AMERICAN FOOD HISTORY
Definitive American food history narratives are presented in the book by Jessica B. Harris as well as in the video series by Stephen Satterfield based on the book.
The titles of both are High on the Hog: How African American Cuisine Transformed America. This blog post focuses on this phenomenon.
JESSICA B. HARRIS American culinary historian, professor, cookbook author and journalist
STEPHEN SATTERFIELD African-American food writer, producer, and media entrepreneur.
THE VIDEO: High on the Hog
Video of American Food History, High on the Hog
FOOD HISTORY FAVORITES
Actually, I have several favorite anecdotes from the ‘High on the Hog’ story. The yam versus sweet potatoes story is one of them. In fact, yams and sweet potatoes are not the same.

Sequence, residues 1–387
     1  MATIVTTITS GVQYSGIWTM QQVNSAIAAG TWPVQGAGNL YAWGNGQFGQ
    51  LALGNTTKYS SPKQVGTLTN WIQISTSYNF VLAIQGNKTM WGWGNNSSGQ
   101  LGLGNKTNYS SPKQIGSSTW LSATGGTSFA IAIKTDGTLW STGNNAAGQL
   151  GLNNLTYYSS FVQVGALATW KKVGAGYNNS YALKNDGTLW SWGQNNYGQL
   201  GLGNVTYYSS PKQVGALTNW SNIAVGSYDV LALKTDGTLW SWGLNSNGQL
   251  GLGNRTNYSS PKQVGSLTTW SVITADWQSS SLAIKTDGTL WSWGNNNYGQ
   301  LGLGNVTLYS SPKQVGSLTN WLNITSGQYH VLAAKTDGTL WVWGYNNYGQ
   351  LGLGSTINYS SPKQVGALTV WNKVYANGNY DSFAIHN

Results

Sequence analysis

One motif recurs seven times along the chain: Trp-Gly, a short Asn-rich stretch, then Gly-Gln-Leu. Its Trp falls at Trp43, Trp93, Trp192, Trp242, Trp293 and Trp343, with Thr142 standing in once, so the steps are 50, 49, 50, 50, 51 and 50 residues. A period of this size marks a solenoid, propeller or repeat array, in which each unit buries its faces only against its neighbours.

In fact, yams do not even grow in this country. They grow in Africa. On the other hand, the US is home to sweet potatoes. So if you see something in the US named yams, it is not from the US.
The food history narrative reflects the music narrative in Rumble, the history of 20th Century American Music. Both bring fascinating insight into the cultures of American music and food history.
TRACING MORE AMERICAN CULTURAL HISTORY
Tracing the slave trade to America reflects additional cultural history. It is actually the transformation of African American food to American food.
This adds to the rich musical history of America. It is detailed in the blog post, RUMBLE in a previous post.
Video of American Music History, Rumble